The foregoing words set forth briefly the beginning of my army life.
I may here state that the following narrative, including mainly notes
from my diary are not intended, except in a very limited sense either
as a war history or as a history of the Roundhead Regiment, but to give
very briefly some of my personal experiences. I may here also say that
a short history of the Regiment was published in 1884, by the Hon.
Samuel P. Bates, State historian of the Pennsylvania Troops. You will
find a copy of this little book among my relics. And further I may say
that a complete history of the movements and achievements have long
been contemplated by the "Society of the Roundheads," and some
preparation has been made, but it now seems doubtful whether the
project will ever be accomplished.
Throughout the way the writer served and was discharged as a private.
Much of the time, however, he was placed on detached service which
took him from the ranks.
A few days after joining the regiment at Pleasant Valley Md., a
forward movement of the army was begun in the direction of Richmond Va., the
Capitol of the Confederacy. This movement was under the command of
General A. E. Burnside, and may be designated as Burnside's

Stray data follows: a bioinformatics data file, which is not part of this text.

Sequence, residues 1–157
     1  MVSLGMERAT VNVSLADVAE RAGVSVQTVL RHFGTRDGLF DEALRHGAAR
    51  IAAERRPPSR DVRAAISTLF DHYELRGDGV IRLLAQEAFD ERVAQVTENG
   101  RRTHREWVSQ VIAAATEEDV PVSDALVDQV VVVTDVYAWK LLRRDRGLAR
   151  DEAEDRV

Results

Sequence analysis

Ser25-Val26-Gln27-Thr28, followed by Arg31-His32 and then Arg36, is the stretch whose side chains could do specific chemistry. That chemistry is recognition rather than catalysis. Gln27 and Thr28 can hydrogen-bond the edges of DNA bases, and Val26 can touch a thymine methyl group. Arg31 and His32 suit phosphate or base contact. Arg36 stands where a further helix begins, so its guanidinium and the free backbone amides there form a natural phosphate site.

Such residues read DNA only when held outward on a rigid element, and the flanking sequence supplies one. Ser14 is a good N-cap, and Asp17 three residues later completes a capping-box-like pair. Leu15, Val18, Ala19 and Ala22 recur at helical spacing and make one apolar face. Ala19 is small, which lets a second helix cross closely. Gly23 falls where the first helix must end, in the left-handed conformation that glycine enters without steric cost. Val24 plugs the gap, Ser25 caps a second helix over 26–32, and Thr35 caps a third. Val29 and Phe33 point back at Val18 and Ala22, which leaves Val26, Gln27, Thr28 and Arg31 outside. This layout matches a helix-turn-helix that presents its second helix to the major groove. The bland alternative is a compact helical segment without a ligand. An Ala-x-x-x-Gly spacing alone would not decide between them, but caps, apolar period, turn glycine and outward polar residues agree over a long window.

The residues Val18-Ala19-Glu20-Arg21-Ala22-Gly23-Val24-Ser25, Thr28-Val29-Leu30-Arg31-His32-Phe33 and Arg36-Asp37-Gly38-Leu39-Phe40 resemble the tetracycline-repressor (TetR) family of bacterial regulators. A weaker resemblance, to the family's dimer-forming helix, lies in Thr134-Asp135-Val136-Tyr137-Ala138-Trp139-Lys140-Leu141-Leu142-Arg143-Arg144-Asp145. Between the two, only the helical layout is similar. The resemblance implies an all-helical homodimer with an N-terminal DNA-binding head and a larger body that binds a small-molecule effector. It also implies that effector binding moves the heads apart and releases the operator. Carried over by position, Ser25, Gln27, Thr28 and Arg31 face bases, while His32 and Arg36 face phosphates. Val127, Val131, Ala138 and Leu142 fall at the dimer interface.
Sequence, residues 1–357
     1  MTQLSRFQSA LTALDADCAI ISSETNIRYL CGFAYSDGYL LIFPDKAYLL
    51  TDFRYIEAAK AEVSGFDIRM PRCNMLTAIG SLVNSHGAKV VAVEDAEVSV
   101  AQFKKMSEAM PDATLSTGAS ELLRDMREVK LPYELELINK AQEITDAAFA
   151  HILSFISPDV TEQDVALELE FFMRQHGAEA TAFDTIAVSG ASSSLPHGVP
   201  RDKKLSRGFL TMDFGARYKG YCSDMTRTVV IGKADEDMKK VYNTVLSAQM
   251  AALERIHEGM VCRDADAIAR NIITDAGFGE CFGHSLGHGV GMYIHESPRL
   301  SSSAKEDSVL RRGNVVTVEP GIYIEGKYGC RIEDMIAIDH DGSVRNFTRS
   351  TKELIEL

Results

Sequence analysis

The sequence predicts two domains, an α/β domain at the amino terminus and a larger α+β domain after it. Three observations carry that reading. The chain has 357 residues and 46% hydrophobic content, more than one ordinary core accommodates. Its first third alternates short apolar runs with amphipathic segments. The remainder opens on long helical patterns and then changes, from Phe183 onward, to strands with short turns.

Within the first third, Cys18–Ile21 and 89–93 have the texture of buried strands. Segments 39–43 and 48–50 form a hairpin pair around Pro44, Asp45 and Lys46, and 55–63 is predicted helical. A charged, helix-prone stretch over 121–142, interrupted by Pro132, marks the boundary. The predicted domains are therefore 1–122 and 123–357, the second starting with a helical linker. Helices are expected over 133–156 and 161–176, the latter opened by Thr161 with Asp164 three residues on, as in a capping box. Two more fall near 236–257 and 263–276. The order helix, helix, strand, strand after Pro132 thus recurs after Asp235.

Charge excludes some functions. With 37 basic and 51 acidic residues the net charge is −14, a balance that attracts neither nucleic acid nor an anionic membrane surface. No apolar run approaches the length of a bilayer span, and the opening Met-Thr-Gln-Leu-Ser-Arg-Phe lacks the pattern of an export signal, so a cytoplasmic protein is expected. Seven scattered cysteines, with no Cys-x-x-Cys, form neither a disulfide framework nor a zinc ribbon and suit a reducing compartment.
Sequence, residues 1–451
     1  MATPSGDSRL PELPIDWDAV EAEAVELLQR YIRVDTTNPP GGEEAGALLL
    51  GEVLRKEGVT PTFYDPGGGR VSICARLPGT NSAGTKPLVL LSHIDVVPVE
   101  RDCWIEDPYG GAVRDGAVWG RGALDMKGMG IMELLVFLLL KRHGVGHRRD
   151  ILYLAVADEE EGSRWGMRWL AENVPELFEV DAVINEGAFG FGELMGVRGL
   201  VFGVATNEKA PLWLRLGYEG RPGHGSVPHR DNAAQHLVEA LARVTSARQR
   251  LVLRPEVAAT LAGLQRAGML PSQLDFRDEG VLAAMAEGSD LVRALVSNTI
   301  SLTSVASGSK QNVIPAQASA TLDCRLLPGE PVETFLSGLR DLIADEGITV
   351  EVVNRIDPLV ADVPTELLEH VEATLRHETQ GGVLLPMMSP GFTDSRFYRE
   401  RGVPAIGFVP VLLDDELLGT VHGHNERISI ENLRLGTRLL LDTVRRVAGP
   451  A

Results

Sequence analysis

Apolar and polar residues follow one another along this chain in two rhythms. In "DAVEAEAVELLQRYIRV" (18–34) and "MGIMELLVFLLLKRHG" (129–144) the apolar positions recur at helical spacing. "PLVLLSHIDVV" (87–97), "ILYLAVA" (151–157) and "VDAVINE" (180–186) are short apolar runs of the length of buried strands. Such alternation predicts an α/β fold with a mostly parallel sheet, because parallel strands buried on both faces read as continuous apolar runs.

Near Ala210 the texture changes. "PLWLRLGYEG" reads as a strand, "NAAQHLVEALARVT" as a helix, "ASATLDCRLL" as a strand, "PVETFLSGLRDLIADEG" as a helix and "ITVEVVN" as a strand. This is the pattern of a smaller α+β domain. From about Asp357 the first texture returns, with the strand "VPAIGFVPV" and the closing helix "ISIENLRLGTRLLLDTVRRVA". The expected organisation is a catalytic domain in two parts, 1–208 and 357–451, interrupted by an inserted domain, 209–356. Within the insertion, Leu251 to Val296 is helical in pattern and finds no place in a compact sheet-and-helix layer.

This movement of the army was begun about the 10th. of Nov. 1862. On
this date the army crossed the Potomac on Pontoon Bridges a few miles
above Harpers Ferry, and was now in contact with the scouting parties
of the enemy who became active in harrassing our advance. On our march
down through Virginia, the army reached the north bank of the
Rappahannock opposite Fredericksburg Va. Here the enemy was found
posted in full force on the opposite bank of the river. Our army
encamped on considerable hills overlooking the town. Over and beyond
the city was a plain, rising from which was a series of hills terraced
in form and including the famous "Maries Hill," and the road bordered
by the Historic Stone Fence, made famous by the battle which followed.
On these hills, and beyond, the rebel army was posted, forming an
almost impregnable position.
From the 19th., of November until the 12th., of December, the two
great armies lay defiantly facing each other, inactive, except the
constant routine day and night of camp, picket, and scouting duty.
About four o'clock on the morning of the 12th., of December 1862, our
artillery opened fire on the enemy, shelling the town and setting it
on fire; the shelling was for the purpose of driving out the enemies
sharp shooters who were annoying our troops who were engaged in
laying Pontoon Bridges.
After completing laying the Pontoons that day, when night came our
army crossed the Rappahannock and next day (Dec., 13th. 1862) fought
the disastrous battle of Fredericksburg. Next day the 14th., both
armies lay inactive, taking care of the wounded and burying the dead.
That night the Union Forces recrossed the river totally defeated, but
seemingly not demoralized. Our losses were heavy, while that of the
enemy was comparatively small.
Many hundreds of men laid down their lives in this battle while not
a single point was gained. Our Division being held in reserve was not
in the action.
Thus ended Burnside's Fredericksburg Campaign.